Calls for a no confidence vote, a snap election, another Brexit referendum and a new independence referendum in Scotland have surfaced online on Monday.
Mr. Davis said he didn't believe in the government's vision for the EU-UK relationship, which "would be a risk at least of delivering a poor outcome," adding that Britain was "giving too much away, too easily."
The UK PM Theresa May dealt a significant blow in the light of her Brexit Minister's resignation just days after she thought he reached an agreement with her divided Cabinet. While a replacement for Davis — Dominic Raab MP — has already been announced, the damage to the PM and her leadership has been done.
Submitting Article 50 before having agreed a plan was an act of wanton vandalism against our country.— Peter Kyle MP (@peterkyle) July 9, 2018
Brexiteers lit the fuse and ran away leaving our country weakened, confused, and in a mess of historic proportions.
Not another step should be taken without a People’s Vote
If the moment of meltdown is earlier than we expected.. #indyref2 needs to be considered sooner— Angus B MacNeil MP (@AngusMacNeilSNP) July 8, 2018
No deal is better than a bad deal and Chequers looks pretty poor. https://t.co/I5aQK2HP0t— Jacob Rees-Mogg (@Jacob_Rees_Mogg) July 9, 2018
Looking forward, David Davis' resignation will have enormous consequences on Brexit. Theresa May could face a vote of confidence if Davis, Rees-Mogg and co. rally enough rebellion among backbenchers. Even if May wins, the scraps of authority she has left will be in tatters.— David Lammy (@DavidLammy) July 9, 2018
David Davis resigning at such a crucial time shows @Theresa_May has no authority left and is incapable of delivering Brexit.— Jeremy Corbyn (@jeremycorbyn) July 8, 2018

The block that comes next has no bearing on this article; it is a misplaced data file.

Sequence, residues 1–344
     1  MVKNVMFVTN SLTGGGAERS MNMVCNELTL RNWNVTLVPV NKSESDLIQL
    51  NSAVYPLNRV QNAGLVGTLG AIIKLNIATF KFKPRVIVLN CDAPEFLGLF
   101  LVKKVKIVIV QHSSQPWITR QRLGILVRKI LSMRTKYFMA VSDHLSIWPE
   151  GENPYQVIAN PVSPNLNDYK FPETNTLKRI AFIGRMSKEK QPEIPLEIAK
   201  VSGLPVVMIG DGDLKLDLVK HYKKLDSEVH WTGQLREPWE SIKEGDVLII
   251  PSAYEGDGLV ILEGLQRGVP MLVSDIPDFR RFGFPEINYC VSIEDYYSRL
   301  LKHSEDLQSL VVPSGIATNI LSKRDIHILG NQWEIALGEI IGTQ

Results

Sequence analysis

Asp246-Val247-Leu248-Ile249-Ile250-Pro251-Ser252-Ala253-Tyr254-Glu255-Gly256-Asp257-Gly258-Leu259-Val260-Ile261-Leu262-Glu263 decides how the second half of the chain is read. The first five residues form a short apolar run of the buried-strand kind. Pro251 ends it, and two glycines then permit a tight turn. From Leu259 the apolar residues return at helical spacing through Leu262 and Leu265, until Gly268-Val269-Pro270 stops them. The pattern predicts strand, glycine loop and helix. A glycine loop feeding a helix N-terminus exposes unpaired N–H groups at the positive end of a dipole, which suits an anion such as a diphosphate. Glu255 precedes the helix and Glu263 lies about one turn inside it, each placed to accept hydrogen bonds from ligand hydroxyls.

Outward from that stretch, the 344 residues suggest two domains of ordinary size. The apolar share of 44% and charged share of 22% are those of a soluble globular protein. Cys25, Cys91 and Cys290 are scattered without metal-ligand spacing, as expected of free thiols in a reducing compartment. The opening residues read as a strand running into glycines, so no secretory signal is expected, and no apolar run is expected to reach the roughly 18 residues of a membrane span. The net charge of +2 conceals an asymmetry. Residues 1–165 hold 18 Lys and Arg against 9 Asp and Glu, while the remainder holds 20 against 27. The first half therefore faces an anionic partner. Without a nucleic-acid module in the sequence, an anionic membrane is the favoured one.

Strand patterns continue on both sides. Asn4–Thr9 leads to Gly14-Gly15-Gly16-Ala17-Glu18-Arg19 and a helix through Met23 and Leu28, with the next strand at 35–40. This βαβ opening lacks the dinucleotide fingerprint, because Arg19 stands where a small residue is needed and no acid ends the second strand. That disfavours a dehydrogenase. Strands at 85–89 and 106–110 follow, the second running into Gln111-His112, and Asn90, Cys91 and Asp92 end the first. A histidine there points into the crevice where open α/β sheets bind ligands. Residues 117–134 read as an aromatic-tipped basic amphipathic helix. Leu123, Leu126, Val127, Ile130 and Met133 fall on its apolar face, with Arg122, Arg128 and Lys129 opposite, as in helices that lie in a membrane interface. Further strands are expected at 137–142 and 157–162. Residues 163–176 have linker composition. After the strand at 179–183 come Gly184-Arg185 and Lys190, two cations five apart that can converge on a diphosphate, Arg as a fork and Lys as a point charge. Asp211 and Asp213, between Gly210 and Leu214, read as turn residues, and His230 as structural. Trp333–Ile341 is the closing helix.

With her Government in chaos, if she clings on, it's clear she's more interested in hanging on for her own sake than serving the people of our country.
David Davis has resigned. Spare us weeks of this coalition of chaos falling to pieces — and give us a general election.— Owen Jones🌹 (@OwenJones84) July 8, 2018
Davis resigns. Mark this spot. This is the point where it becomes more rather than less likely that we will not now have Brexit without first having either a General Election or a Referendum.— Paddy Ashdown (@paddyashdown) July 9, 2018
I will shortly be delivering this letter to 10 Downing St calling on Mrs May to resign. She has to go. pic.twitter.com/rSrLpmr1nZ— Gerard Batten MEP (@GerardBattenMEP) July 9, 2018
The 1922 committee of backbench Conservative MPs is meeting in Westminster on July 9. Its purpose is to give the Tory backbenchers an opportunity to air their concerns, report on constituency work and coordinate legislative agendas. The committee organizes and votes on leadership challenges, which is initiated with a call for the vote of no confidence. When 15% of Tory MPs write a letter to the Committee chairman — currently Graham Brady MP — the vote of no confidence is triggered.
Sources confirm letters calling for vote of confidence in @theresa_may leadership going in to @Graham__Brady, chair of 1922. Tory Brexiters very unhappy — accuse PM of traducing those who voted to leave EU. This appears to be spontaneous, not coralled by ERG & @Jacob_Rees_Mogg— Robert Peston (@Peston) July 8, 2018
Mrs. May will have to face the vote, if lack of trust among her own MPs pushes them to question her leadership via the committee framework.
On Friday, July 6, Mrs. May Cabinet met at her summer residence and finalized a plan for future trade ties with the European bloc. The government is seeking to keep a free-trade zone for goods, commit Britain to maintaining the same rules as the bloc for goods and agricultural products and end freedom of movement between UK and the EU.